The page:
I had my second chemo treatment last week (Thursday) and it went so much faster with the port-a-cath (see the December 1, 2008 post “Injection Site Issues and Technology” for an explanation of a port-a-cath). As most of us who are traveling this trail will know, our veins take a regular beating from all of the different doctors and their nurses. It can become extremely challenging for the nurses to locate good veins and in some cases; it can take a few pricks with the needle before they are successful. With the port-a-cath, the IV was hooked up in just seconds. The whole event took just over 2 hours!

I am feeling a little on the fatigued side today but I feel better than I did yesterday. I am sure tomorrow will be even better. The days that immediately follow the chemo infusion are the best as I still feel the positive effects from the steroids that have been administered as a part of the infusion.

I cannot say enough about the support from both my family and friends. I know it makes people feel uncomfortable to talk about it. I just hope they continue to be the same friend that that they were before I started to receive chemo. I understand that the situation can be uncomfortable, I want to tell them just do not worry about it. I know sometimes as friends, we want to do more than we think we are doing to help, but just do not know how. Trust me, the phone calls to say hello or anything else is great.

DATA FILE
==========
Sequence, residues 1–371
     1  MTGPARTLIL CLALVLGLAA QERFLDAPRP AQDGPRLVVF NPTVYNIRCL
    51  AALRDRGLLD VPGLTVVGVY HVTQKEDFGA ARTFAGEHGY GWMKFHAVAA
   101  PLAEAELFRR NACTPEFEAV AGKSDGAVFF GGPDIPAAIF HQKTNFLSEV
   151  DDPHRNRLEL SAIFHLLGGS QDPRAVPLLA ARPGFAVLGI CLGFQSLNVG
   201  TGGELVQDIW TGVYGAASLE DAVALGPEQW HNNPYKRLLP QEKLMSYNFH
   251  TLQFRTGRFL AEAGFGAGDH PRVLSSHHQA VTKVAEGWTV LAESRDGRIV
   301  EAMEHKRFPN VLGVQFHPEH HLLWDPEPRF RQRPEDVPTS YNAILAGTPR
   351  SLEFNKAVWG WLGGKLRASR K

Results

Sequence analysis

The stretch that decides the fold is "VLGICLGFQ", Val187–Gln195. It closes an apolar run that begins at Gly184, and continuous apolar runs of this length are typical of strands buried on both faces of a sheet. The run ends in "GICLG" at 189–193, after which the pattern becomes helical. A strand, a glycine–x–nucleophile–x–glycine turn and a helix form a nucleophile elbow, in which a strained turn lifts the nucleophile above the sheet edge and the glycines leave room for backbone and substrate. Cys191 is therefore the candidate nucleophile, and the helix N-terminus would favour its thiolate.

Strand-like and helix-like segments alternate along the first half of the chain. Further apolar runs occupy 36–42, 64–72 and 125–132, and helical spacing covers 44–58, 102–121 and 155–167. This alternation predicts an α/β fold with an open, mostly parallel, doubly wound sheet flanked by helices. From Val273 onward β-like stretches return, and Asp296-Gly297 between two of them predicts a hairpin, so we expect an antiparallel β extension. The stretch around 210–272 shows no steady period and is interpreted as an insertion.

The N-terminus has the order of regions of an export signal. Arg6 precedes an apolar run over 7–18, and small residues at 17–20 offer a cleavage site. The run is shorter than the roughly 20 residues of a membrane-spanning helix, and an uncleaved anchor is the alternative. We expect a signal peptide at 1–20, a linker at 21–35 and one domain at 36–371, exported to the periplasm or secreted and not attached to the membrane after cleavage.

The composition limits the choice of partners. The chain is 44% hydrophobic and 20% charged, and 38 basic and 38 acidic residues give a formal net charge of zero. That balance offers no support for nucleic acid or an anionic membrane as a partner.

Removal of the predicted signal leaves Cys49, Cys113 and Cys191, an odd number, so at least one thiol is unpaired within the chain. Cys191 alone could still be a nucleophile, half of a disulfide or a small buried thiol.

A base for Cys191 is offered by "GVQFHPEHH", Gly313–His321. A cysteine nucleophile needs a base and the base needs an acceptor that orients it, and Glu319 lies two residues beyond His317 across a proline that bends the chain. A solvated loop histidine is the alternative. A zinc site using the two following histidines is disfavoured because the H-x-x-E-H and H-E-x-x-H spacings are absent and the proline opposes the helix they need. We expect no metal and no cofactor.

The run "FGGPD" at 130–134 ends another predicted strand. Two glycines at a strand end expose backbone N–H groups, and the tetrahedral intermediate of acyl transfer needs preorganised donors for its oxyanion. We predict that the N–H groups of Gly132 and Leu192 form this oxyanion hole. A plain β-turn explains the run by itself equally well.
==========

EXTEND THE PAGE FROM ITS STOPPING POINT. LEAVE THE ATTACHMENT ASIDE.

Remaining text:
As my hair started falling out this week my friends were great. They had the same ol’ sense of humor with same ol’ compassion. Th